New models of financial data sharing in Africa

Startups are leading the race to monetise customer financial data in Africa for lucrative business cases.


Most African businesses find themselves in a hard place when it comes to making sense of data troves. The collection and handling systems for customer data is slowly growing but not at par with the global standards. Using this data across different sectors to realise value is yet to be achieved, with outdated privacy laws across the continent compounded the issue.

Many companies and organisations hold critical information that could enhance business across different sectors but are losing a valuable market opportunity by not putting it into use. A change of strategy is needed to be a leading light into data mining.

“Companies are unable to design an appropriate data strategy that translates into business growth,” Jeph Acheampong, the founder and CEO of Blossom Academy a data analytics educator, based in Accra, Ghana said.

“The majority of the data science talent across Africa happens to be early on their data science journey. As a result, their skills are more aligned with the technical aspect, as opposed to the strategy end,” he added. Blossom Academy is aiming to train more data scientists for the African market.

“However, more often than not, African senior data scientists or data strategists rather leverage their skills by working remotely for an international company,” he explained.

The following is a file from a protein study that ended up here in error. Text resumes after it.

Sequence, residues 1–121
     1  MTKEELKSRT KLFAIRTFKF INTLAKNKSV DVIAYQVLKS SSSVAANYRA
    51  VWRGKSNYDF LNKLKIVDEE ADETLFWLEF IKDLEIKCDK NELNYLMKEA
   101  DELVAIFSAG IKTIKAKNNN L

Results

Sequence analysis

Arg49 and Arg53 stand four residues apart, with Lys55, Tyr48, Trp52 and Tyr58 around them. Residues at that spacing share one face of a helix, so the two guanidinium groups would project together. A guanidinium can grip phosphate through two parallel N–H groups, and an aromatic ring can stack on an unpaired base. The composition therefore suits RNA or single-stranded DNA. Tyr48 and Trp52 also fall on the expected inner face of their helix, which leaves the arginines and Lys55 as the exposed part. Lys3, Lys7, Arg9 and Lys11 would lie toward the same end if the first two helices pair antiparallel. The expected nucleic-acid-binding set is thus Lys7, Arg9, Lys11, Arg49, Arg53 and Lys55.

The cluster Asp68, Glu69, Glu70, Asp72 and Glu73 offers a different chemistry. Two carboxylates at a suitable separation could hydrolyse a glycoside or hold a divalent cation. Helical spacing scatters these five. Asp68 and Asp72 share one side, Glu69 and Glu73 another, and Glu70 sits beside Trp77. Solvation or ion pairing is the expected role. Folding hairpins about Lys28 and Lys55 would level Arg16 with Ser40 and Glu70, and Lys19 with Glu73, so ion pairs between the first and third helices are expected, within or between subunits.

His company is seeking to establish a large number of data analysts in Africa to take advantage of the nascent data mining sector in the continent. As of October 2020, the academy has trained over 200 young adults in Ghana, Nigeria, Cameroon, and Kenya to understand and communicate data, with most securing data work on the continent.

So how does the market stimulate the monetisation of customer data in a non-existent market? Acheampong suggests that every effort should have a direct benefit to the consumer and not only focus on business.

A new shift into working with data and monetising it is gaining momentum across the continent. Innovators are taking advantage of the gap and helping businesses take advantage of their data and create new streams of income. Agile startups are already exploring the ways businesses in the continent could easily monetise customer data without major overheads and learning curves.

Bridging the gap in financial data

Access to credit has always been hampered by the lack of customer information. Even in the progressive regions of Africa, this data is still siloed and relies on a single data point, credit reference bureaus.

A new decentralised technology introduced by Carma could unlock financial data from other sources without breaking the bank. With its API, companies can fulfil inquiries for customer information without the data leaving its premises. They also get to monetise data in their possession with every request.

Other than working with credit bureaus that host customer information, Carma’s marketplace ensures cross-data exchange with little overhead costs for the buyer and the vendor.

According to Ted Martynov, Co-founder and CEO his solution is an easy way to monetise and make use of stagnant data that could be used in the financial industry.